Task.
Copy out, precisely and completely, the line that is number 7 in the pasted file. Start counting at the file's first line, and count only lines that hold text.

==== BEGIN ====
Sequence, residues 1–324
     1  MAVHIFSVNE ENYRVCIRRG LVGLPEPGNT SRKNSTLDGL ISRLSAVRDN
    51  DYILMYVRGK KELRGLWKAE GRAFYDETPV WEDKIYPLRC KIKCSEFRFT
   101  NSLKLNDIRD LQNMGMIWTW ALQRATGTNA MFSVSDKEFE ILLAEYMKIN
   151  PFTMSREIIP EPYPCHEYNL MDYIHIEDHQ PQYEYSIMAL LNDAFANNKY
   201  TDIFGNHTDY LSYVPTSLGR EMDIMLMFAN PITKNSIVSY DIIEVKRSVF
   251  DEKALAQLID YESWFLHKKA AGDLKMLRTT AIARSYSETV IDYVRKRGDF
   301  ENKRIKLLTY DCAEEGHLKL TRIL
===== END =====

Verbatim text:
   251  DEKALAQLID YESWFLHKKA AGDLKMLRTT AIARSYSETV IDYVRKRGDF